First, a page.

Risk Factors for Alzheimer Disease Have Been Identified
A few individuals develop AD because they bear mutant alleles of the APP or presenilin genes, but in most cases no genetic or environmental causes are obvious. Can we, then, predict who will get AD?
The major risk factor is age. The disease is present in a vanishingly small fraction of people younger than age 60 (these being mostly familial cases), 1–3% of those between ages 60 and 70, 3–12% of those between ages 70 and 80, and 25–35% of those older than age 85. Thus one safe prediction is that elderly people are prime candidates for AD. However, this statistical association is of little therapeutic use because modern medicine can do nothing to slow the passage of time. There has therefore been intense interest in other factors that affect the incidence of AD.
The most significant genetic risk factor discovered to date in sporadic late-onset AD is an allele of the gene ApoE. The ApoE protein is the major carrier of cholesterol and other lipids in the blood. The gene is expressed as three alleles, ApoE2, ApoE3, and ApoE4, which differ from each other at only a few amino acids (Figure 59–15). People with the ApoE4 allele are at risk for AD. This allele is present in only a few percent of the general population but in 40–50% of those with AD. Put another way, carrying one ApoE4 allele increases by about fourfold one's chance of developing AD, compared to people who carry only ApoE2 or ApoE3 alleles. The mechanism by which ApoE4 predisposes one to AD is not known. Moreover, ApoE4 is a risk factor for several neurological diseases, including Parkinson disease and multiple sclerosis, so it may act in ways that do not involve APP or Aβ directly.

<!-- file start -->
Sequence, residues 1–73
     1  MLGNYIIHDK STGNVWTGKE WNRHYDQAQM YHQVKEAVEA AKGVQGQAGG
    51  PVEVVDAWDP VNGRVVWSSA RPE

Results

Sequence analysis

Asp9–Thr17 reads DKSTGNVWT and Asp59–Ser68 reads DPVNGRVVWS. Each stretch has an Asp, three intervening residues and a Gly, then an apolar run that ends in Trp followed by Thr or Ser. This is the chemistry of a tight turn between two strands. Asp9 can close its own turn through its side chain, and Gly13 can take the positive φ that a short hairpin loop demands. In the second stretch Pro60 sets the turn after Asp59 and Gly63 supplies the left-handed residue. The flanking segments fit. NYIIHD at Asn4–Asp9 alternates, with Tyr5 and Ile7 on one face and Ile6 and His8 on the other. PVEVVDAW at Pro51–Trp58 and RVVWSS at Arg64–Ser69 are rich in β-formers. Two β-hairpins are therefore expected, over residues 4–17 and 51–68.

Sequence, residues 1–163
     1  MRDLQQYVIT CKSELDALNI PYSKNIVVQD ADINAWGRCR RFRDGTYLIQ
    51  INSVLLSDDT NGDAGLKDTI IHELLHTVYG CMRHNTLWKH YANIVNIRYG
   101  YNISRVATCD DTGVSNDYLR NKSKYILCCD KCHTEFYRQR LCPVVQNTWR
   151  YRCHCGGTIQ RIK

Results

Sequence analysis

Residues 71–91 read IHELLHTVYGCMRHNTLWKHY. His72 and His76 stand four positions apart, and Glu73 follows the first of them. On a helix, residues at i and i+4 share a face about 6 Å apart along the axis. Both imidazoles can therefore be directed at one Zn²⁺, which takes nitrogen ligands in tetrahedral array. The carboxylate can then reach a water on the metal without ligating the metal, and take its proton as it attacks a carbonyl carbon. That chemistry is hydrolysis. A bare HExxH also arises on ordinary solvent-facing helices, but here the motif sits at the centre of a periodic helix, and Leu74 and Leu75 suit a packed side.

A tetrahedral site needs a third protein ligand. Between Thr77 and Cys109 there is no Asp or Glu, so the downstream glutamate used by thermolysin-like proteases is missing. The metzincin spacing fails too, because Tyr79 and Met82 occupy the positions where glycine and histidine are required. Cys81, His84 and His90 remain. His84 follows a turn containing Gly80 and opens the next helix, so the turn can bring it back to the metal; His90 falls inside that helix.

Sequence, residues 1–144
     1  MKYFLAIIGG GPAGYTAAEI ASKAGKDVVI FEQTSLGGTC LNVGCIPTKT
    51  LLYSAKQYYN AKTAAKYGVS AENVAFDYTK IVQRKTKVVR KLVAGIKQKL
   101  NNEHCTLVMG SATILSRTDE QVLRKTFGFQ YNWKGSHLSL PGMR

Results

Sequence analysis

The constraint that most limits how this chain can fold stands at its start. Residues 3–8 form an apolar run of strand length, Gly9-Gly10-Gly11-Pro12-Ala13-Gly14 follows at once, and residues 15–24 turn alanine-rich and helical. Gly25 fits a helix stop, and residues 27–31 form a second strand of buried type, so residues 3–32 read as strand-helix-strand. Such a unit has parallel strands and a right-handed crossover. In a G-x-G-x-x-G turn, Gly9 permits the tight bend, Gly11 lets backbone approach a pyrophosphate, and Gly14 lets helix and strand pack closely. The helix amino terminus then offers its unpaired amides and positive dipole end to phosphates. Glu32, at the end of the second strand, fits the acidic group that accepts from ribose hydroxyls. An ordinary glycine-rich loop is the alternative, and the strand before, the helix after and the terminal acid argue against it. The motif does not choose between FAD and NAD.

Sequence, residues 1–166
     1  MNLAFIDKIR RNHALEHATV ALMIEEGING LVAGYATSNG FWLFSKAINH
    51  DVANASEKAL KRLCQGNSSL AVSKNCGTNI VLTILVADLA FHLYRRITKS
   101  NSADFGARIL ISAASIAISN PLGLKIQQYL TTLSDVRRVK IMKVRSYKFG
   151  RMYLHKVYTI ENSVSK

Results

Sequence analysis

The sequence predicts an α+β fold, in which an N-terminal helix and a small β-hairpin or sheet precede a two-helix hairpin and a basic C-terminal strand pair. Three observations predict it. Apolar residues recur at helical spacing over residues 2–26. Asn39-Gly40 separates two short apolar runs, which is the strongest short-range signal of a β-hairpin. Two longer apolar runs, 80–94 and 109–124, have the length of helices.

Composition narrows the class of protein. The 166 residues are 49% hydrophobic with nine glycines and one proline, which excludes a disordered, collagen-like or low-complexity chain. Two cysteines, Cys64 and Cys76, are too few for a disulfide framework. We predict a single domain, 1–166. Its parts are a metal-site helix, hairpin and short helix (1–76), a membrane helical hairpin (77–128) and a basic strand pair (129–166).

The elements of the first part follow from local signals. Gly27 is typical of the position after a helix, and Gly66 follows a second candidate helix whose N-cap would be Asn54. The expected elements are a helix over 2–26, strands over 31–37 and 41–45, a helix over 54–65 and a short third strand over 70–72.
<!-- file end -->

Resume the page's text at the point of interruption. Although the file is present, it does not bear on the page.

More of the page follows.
Polymorphisms in the ApoE gene are a prominent risk factor for Alzheimer disease.
A. Polymorphisms in the ApoE gene involve changes in amino acid sequence at two critical residues (112 and 158).
B. Changes in amino acid sequence in the three ApoE alleles.
C. Prevalence of ApoE genotypes in the general population.
D. ApoE alleles are risk factors for Alzheimer disease. Inheritance of one ApoE4 allele increases by about fourfold the probability of progressing to Alzheimer disease. Inheritance of the ApoE2 allele reduces the risk.